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Bank of England leaves interest rates on hold
By Edmund Conway
The Telegraph, London
Friday, October 5, 2007
The Bank of England has left UK interest rates on hold, despite falling house prices and thousands of families seeing mortgage rates soar.
The Monetary Policy Committee said it was leaving borrowing costs at 5.75 percent in October, but experts predicted it may cut rates next month as the credit crunch and woes in the UK banking sector take their toll on the economy.
The decision came amid news the record household debt burden is weighing even more heavily on British families. Abbey, the country's second-biggest mortgage lender, announced it was increasing the interest charged on its 100 percent first-time buyer tracker mortgage by a substantial 0.45 of a percentage point to 6.99 percent, while the rate of its discount two-year variable tracker was being raised by 0.1 of a percentage point to between 5.79 percent and 5.94 percent.
Meanwhile, research by Richard Jeffrey at Ingenious Securities showed that households' interest payments are likely to be 26 percent higher in the final quarter of 2007.
This is the latest evidence that the recent liquidity crunch in the City's money markets is now resulting in higher costs for families around the UK. Economists said it was a bad omen for the wider economy in the coming months as Britain's prosperity in recent years has been largely powered by the consumer sector, with much spending funded by debt.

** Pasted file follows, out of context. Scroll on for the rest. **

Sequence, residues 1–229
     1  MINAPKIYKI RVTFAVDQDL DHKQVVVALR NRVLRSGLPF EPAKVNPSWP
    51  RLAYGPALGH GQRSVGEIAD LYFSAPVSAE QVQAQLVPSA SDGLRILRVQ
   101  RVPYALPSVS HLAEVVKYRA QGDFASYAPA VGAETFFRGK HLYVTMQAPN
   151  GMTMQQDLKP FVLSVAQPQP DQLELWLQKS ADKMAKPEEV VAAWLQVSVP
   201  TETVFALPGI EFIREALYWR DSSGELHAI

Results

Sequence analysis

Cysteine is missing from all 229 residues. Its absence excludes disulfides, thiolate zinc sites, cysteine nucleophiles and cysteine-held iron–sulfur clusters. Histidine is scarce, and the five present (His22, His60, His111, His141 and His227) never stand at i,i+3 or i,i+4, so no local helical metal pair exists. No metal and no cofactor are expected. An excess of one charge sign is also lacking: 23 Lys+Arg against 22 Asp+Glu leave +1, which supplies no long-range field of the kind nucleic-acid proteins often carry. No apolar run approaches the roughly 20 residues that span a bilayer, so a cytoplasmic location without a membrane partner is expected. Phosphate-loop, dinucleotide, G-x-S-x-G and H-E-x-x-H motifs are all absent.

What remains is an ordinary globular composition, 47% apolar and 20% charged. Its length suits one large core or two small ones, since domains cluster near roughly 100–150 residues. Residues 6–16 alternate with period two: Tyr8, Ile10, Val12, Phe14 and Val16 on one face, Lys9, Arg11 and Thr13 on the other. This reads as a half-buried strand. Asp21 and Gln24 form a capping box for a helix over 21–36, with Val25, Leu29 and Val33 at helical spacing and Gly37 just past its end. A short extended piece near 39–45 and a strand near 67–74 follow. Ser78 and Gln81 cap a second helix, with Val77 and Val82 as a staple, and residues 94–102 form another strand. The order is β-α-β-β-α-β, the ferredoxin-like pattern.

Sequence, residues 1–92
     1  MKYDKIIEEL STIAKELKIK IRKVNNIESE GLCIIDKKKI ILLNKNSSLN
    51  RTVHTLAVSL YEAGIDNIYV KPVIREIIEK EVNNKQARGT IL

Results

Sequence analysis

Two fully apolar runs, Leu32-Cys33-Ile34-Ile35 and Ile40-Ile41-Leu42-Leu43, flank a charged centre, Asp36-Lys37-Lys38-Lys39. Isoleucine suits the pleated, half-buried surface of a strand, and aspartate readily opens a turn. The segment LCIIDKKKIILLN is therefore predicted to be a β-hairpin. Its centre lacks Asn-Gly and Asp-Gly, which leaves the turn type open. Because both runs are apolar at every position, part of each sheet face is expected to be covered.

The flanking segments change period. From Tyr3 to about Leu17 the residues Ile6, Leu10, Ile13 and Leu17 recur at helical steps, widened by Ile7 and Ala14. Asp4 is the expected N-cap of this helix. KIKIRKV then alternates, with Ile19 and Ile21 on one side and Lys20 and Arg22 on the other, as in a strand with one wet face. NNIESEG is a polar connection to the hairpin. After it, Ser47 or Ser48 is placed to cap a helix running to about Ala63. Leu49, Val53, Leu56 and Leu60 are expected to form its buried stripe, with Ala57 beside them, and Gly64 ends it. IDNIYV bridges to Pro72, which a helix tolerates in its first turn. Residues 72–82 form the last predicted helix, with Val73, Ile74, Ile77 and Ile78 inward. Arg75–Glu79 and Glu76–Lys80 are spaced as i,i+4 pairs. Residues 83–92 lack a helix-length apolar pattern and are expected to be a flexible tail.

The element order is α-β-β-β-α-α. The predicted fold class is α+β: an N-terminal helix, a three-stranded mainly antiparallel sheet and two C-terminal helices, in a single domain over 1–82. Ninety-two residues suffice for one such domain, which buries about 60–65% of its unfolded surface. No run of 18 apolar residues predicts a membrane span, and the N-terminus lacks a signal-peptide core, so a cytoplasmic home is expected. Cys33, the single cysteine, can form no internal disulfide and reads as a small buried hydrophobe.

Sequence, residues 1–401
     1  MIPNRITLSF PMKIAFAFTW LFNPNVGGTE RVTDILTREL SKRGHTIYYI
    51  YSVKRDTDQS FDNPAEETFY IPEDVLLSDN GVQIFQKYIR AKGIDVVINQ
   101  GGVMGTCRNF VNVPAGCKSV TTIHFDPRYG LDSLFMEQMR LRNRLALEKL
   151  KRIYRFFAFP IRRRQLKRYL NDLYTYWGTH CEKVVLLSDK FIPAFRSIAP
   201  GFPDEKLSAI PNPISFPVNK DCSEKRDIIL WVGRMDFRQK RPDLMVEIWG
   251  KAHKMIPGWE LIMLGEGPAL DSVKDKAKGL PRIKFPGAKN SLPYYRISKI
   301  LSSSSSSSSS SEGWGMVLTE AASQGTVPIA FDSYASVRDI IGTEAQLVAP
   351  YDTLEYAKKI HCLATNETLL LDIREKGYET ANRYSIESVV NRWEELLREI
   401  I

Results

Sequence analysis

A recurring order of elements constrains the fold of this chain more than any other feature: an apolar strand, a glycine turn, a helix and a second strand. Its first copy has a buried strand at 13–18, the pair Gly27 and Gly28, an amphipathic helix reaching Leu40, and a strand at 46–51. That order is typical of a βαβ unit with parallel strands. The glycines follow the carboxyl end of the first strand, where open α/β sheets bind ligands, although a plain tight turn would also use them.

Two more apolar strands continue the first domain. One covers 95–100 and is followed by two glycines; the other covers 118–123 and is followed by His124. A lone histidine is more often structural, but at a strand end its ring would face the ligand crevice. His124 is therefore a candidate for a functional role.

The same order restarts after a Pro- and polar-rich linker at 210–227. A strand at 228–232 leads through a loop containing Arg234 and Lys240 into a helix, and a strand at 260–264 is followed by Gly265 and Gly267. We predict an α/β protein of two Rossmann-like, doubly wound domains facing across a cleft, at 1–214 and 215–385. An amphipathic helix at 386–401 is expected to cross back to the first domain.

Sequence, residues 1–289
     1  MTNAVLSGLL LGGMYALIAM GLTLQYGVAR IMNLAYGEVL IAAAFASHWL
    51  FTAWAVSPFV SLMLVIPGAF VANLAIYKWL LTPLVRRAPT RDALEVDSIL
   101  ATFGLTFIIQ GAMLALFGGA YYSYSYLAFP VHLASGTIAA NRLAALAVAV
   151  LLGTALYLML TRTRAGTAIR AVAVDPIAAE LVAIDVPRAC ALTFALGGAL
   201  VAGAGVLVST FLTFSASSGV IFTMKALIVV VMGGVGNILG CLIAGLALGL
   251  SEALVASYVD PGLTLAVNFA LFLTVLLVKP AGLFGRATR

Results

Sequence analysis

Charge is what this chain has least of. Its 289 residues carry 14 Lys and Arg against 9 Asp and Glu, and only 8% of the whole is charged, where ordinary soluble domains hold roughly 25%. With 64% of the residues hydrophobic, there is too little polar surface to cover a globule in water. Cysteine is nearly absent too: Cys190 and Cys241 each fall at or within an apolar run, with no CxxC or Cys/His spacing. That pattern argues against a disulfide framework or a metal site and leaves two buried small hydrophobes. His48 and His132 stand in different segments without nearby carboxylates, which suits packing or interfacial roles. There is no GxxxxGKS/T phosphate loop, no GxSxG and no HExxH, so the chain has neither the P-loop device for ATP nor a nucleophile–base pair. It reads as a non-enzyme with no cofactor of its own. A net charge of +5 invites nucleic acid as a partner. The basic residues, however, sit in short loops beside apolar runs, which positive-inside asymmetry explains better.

If, as many expect, consumers stop spending when borrowing becomes too expensive, it will cause overall economic growth to drop significantly.
Halifax announced that house prices dropped by 0.6 percent last month -- the first fall it has detected so far this year. While the annual rate remains relatively high at 10.7 percent, the group said the housing market was in the midst of a slowdown.
House prices are now falling sharply in some parts of the country. In the North, prices dropped by 2.1 percent over the past quarter, Halifax said, while in Northern Ireland prices fell by 3.2 percent in the same period. However, the London boom continued, with prices rising by 2.3 percent in the second quarter.
Howard Archer, chief UK and European economist at Global Insight, said: "Even allowing for the fact that house prices often show significant swings on a month-to-month basis, the Halifax report is quite an eye-opener.
Evidence is mounting that the housing market is now cooling markedly in the face of the financial market turmoil and the increasing affordability pressure on house buyers coming from higher interest rates, elevated house prices and modest real disposable income growth."
One in three economists questioned by Reuters predicted house prices would fall on an annual basis next year, and analysts dramatically scaled back their forecasts for price growth.
Conservative Treasury spokesman Philip Hammond said: "Millions of hard-working families are feeling the pinch as the effects of higher interest rates begin to bite and their pay packets are plundered by Gordon Brown's stealth taxes."
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